I always notice that my designs look good but buttons and other clickable elements don't look clickable. Can you provide any tips or links that can help me?
In your case, I'd start by putting a diffuse box shadow on the button and see if that gives you what you need.
If you want to be sure that you've made a button feel clickable, you need to find a way to make it look like it's visually raised above the background. The idea is that it needs to feel like you can press it down.
Some techniques to do this include:
- box shadows
- gradient effects on the button to imply a light source
- darkening two borders to give a sense of height.
- drop shadows
There's some additional information in this answer
There are other styles of button that don't rely on affordance to make them feel like buttons, but they normally work within design systems where there's already a convention on what is and isn't a clickable object. (e.g. text buttons in material design, ghost buttons in flat design)
Don't try to use these types of button by themselves, they only work when they're part of the design system they're designed to work within.
I think your design looks good. And the button looks clickable too. A login in a rectangle after Username and password is a button and the users have evolved from the stone age of the Internet. (PUN)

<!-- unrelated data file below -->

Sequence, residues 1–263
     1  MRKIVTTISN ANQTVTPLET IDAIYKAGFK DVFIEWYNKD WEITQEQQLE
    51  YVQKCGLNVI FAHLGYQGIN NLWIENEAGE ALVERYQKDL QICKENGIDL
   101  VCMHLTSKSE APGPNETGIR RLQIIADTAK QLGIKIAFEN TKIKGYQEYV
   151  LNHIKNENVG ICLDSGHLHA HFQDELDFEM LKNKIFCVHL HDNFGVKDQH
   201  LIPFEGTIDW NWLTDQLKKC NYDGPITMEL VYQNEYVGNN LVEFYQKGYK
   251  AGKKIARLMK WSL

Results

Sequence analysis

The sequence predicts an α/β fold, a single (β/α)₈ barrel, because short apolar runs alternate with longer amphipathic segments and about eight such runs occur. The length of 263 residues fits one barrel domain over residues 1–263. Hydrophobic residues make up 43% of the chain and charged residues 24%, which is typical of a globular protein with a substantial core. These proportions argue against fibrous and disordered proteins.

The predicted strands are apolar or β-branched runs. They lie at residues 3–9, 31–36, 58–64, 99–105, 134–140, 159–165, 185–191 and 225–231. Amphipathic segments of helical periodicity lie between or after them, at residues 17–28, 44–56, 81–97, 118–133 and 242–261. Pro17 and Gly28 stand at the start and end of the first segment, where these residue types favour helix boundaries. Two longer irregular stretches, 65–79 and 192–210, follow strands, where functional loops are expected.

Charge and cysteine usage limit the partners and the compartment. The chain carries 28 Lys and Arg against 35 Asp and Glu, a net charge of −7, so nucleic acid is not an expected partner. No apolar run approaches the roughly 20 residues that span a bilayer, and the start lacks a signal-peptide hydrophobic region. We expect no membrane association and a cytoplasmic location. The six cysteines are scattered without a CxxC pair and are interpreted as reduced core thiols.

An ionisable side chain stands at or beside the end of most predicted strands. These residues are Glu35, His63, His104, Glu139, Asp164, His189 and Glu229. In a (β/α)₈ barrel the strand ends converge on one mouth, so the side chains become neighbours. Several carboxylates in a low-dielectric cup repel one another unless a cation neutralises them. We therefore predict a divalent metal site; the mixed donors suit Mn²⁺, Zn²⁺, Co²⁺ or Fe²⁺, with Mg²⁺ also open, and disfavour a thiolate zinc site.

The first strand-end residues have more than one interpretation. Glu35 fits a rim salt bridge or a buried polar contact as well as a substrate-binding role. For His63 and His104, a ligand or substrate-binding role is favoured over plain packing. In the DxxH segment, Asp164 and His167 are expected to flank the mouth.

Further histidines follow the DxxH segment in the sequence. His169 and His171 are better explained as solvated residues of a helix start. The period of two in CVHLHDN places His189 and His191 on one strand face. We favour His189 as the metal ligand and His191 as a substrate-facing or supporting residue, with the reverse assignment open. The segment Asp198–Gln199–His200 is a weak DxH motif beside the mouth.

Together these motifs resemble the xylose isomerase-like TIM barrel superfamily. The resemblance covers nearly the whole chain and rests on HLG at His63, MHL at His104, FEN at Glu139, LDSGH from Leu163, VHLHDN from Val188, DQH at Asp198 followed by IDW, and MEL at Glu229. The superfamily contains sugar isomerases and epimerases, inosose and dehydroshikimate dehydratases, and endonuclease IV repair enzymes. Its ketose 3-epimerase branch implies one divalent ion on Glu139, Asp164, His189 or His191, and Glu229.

As @Racheet covered nicely in the reply, about the affordance, the one improvement you can bring in is the rounded corner to the button.
Many affordances work to identify clickability:
Subtle change in shape (Not present here)
Change in color/shade (present here)
shadow indicating 'press me' (Not present here)
slight dark borders (not present here)
I have tried to include some of the affordances listed above and not present in your present designs.
Hope this helps!
Please look this buttons guide for some ideas: https://uxplanet.org/button-ux-design-best-practices-types-and-states-647cf4ae0fc6
Also in current case I'll use rounded rectangular button. The same approach is partly used for Register button
It doesn't seem like the rest of your UI is using shadows, so if you want to keep it flat and greyscale, the easiest way would be using a border of a darker shade, slightly rounded corners and barely-there gradient, or any combination of at least two.
A good example of such buttons is the pre-material Gmail interface.
That said if there's a primary action behind the button, many otherwise flat user interfaces will use drop-shadow to create a sense of importance and hierarchy, making the button look like it's floating above the rest of the elements.
There's a bunch of good comments about shape and some basic skeumorphism, but I believe that if you want to keep your shapes, you could achieve a lot by changing the colour. Grey is probably your biggest enemy in that regard. It looks like you're going for a very clean look, if you want to avoid very bright colours, consider black / very dark grey instead.